One brewery even gave his majesty a musical march.  Shown here is the front of a sheet of music entitled “Koenig (King) Gambrinus.  It shows the king amidst hops blossoms with scepter and a glass of beer in hand.  The piece was copyrighted in 1915 by the Sieben Brewery Company of Chicago,  which apparently commissioned its composition and to whom it is dedicated.   The composer was H. Sallmann, who does not seem to have written anything else of note (pun intended).  Michael Sieben, a immigrant from Mainz, Germany, founded his brewery on Pacific Avenue near Clark and Polk Streets in Chicago in 1865.  It survived and thrived until shut down by Prohibition in 1920.

Now that we have seen the many manifestations of King Gambrinus, who was he and where did he come from?   Although he often is called a “patron saint” of beer, brewing and brewers, he is definitely not a saint,  though a patron he may be.  He is a legendary European folk hero, celebrated as an symbol of beer drinking,  sometime jovial, sometime not;  sometimes a drunkard,  usually not.   Some think he is patterned after John the Fearless, others on John Primus, Duke of Brabant.  Still others put forward additional historical or legendary candidates.  The Wikipedia entry on Gambrinus runs to many paragraphs.  The curious are invited to go there and be confused.  Here it is enough to say that as an icon Gambrinus has shown amazing staying power through the centuries and is likely to remain with us in a wide range of formats for as long as there is beer to drink.

Saturday, June 7, 2014

King Gambrinus in Three Dimensions

Living in Milwaukee as I did for a number of years, a tour of the Pabst Brewery, close to the heart of the city,  was a frequent pastime.  It was there that I first made my acquaintance with King Gambrinus,  known worldwide as the patron (but not patron saint) of beer and beer drinking.  This post and the next will be devoted to this historic, likely imaginary, figure.  This installment is devoted to the statues of this redoubtable monarch.  The next post will illustrate how he has been depicted over the centuries on other artifacts.

Gambrinus statues continue to intrigue me.  The original at the Pabst site was installed about 1857 when the brewery was known as the Best Brewery.   It was carved from wood by sculptor Gustav Haug and likely is the one shown above, high in the air, in a photo from the mid-1800s.  According to a company history,  by 1872 a new statue was needed and Carl Kuehns, a carver from a Milwaukee furniture company created a copy of Haug’s work.  This Gambrinus, at the time I was touring the brewery, was located near the entrance to the “tasting room,”  where a copy of this postcard view was available.

Over time that statue deteriorated and was sold in 1966.  Before it disappeared, however, a new cast aluminum version was commissioned that stood Pabst  until 1996 when, sadly, the brewery closed.  That Gambrinus traveled to several places, including installation at a cafeteria for brewery workers in Illinois.  When a restaurant and watering hole opened in Milwaukee in part of the old Pabst complex, the owner negotiated a loan to return the statue to its original site, where it stands today as shown here.  Although it echoes Kuehns' version in many ways, the latest king has a different style belt.

Some histories date the popularity of Gambrinus to the statue that stood over the entrance of the Brewers’ Hall at the Centennial Exposition in 1876.  German-American brewers were inspired to install their own figures of the king.  Note that all of the 3-D images shown here are characterized by the king standing on a keg and brandishing a stein or goblet.

LaCrosse, Wisconsin, boasted two such statues.   Shown here, one Gambrinus has a stunned expression as if he had just noticed that his beer goblet is empty.  Made of concrete, this statue was bought by the Heileman Brewery from a defunct competitor in 1939 and is now installed near a city park.  The other King Gambrinus is made of Cor-Ten steel and was installed in front of the Heileman corporate headquarters.  The unadorned metal gives the statue a severe look that seems out of keeping with the “gemutlichkeit” (cozy and festive) nature of beer drinking.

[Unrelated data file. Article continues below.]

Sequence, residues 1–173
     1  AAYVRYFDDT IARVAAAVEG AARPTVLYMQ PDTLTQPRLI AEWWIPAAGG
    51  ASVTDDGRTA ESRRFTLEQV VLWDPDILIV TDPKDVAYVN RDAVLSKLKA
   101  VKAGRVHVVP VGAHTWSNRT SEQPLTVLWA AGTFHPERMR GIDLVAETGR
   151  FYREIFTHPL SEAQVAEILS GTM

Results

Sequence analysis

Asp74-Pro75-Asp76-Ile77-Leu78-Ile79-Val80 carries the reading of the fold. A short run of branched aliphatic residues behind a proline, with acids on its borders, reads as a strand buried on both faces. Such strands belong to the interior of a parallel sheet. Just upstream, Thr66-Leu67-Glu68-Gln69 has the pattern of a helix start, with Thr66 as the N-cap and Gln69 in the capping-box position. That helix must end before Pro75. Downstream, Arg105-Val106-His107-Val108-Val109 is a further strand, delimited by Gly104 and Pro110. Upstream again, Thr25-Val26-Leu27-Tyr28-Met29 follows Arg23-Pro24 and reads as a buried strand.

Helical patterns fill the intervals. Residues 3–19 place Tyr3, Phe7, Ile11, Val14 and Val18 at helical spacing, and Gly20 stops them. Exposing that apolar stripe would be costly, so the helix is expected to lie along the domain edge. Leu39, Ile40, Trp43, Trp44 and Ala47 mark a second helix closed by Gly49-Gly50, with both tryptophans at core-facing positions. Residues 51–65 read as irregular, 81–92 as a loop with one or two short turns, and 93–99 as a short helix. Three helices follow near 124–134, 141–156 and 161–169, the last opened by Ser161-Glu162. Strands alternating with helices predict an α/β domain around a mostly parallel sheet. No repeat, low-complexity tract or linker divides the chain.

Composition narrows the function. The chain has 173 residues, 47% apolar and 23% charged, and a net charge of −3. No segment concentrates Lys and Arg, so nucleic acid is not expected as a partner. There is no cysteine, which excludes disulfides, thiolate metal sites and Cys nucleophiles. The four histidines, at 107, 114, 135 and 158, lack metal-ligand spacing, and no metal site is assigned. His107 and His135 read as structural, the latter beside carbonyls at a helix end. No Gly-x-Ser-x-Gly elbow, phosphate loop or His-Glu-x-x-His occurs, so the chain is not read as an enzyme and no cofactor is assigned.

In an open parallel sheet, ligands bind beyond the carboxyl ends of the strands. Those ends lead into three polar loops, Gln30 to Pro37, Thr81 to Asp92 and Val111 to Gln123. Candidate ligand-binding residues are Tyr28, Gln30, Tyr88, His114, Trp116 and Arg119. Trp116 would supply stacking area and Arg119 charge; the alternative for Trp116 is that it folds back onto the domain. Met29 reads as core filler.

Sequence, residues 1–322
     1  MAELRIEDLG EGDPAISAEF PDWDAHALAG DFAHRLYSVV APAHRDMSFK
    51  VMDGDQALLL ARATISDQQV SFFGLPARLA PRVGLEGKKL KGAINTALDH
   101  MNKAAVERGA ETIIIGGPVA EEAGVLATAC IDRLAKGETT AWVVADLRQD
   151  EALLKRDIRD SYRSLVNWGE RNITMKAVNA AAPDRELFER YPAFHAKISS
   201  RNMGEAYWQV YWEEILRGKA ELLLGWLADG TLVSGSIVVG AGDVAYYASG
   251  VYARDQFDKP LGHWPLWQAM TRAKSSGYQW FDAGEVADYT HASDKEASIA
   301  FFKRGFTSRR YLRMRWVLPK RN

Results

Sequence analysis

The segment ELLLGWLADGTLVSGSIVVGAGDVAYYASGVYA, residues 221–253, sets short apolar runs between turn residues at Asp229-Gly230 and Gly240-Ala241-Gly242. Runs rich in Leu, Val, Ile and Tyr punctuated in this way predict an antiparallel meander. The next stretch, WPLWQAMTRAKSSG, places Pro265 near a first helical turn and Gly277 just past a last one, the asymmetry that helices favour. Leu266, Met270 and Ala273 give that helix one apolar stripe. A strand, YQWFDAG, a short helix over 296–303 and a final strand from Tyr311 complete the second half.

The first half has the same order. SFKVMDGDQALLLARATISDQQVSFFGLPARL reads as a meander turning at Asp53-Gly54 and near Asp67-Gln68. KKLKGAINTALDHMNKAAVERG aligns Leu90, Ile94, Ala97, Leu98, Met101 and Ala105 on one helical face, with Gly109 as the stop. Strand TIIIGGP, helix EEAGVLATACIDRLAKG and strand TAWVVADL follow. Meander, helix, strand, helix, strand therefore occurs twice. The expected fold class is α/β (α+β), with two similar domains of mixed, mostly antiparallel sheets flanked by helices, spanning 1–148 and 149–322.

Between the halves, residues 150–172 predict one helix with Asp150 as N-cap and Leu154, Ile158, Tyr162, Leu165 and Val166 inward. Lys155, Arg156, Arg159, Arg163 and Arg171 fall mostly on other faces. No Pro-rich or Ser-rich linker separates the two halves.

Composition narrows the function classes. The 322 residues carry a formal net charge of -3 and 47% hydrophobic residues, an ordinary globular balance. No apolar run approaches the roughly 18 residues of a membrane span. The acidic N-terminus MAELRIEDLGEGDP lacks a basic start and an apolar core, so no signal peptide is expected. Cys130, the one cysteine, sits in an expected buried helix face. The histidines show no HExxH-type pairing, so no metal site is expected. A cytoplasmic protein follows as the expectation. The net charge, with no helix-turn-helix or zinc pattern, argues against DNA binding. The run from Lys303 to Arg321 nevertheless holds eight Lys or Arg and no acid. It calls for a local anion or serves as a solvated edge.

As shown here, the next Gambrinus originally stood on a pedestal high up on the wall of the August Wagner Brewery in Columbus, Ohio.   When the brewery went bankrupt, it appeared that the king was headed for the junkyard or an equally ignominious fate.  In 1975, the Columbus Dispatch newspaper rescued him and had him restored.  Today this Gambrinus can be viewed, as seen here, in a red cloak and black tunic,  aggressively offering up a beer toast.

As breweries have gone defunct, their Gambrinus images often have ended up in museums.   The Haberele family operated a brewery in Syracuse, New York, from the late 1880s until Prohibition and then resumed upon Repeal only to close for good in 1962.  At the time it owned a Gambrinus, seen here, that was 12 feet tall and weighed 1,500 pounds.  Luckily the Onondoga (County) Historical Museum was able to accommodate it.  The rescued king’s cup overflows as he greets visitors to the collection.

Another Gambrinus that might have ended on a scrap heap was ransomed by the Maryland Historical Society.   Made of zinc, it stood at the American Brewery, founded in 1887 by J.F. Weissner, a German immigrant.  That brewery survived until 1975 when it closed and its complex -- and the statue -- was abandoned. As shown here, its rescuers subsequently fully restored the image to its original glory. Baltimore’s Gambrinus now greets visitors to the Society’s museum on Monument Street.   Note that the keg on which the king leans is festooned with hops leaves and blossoms, a slightly different touch.

European breweries have long featured Gambrinus statues as their symbol.  They are most common in Germany, France, Belgium and the Netherlands.  Other countries have used the icon as well.  For example, at a large beer hall in Ho Chi Minh City, Vietnam, stands a huge Gambrinus made of a resin material.  In the country on business, for me it was like seeing an old friend as I entered the beer hall.  Just one more will suffice, a labeled Gambrinus from a niche in a brewery wall in Lomice, the Czech Republic.

Note:  The Gambrinus post to follow will delve more deeply into the king’s origins and illustrate various ways he has been depicted in two dimensions over the centuries.